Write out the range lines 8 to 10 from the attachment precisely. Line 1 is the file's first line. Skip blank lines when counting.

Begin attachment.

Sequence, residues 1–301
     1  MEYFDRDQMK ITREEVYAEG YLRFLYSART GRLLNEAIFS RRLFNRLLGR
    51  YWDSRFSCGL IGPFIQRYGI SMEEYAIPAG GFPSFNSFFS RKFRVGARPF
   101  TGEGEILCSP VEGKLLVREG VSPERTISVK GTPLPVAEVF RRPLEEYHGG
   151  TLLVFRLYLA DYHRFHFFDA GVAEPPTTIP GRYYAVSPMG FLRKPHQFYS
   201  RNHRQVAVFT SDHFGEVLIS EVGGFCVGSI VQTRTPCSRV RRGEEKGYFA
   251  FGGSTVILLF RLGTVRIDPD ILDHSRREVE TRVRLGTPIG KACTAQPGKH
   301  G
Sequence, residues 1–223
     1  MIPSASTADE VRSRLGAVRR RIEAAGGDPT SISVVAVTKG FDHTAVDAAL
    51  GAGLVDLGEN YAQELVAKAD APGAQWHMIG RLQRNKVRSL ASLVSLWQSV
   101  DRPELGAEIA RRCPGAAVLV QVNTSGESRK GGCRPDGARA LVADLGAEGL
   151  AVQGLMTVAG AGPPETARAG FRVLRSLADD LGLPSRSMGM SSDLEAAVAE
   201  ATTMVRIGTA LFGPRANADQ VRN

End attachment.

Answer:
   301  G
Sequence, residues 1–223
     1  MIPSASTADE VRSRLGAVRR RIEAAGGDPT SISVVAVTKG FDHTAVDAAL